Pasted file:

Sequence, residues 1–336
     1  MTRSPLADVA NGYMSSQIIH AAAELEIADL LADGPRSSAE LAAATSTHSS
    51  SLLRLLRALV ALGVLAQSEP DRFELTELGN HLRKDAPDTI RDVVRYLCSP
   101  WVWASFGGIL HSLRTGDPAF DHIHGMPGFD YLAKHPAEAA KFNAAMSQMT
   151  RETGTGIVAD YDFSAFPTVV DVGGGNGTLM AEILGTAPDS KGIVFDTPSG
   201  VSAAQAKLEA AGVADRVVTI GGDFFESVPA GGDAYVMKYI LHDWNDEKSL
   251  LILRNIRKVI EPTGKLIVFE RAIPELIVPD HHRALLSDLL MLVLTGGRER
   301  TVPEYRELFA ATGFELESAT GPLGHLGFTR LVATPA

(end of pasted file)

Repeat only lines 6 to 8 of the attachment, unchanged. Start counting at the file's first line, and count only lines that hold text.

   201  VSAAQAKLEA AGVADRVVTI GGDFFESVPA GGDAYVMKYI LHDWNDEKSL
   251  LILRNIRKVI EPTGKLIVFE RAIPELIVPD HHRALLSDLL MLVLTGGRER
   301  TVPEYRELFA ATGFELESAT GPLGHLGFTR LVATPA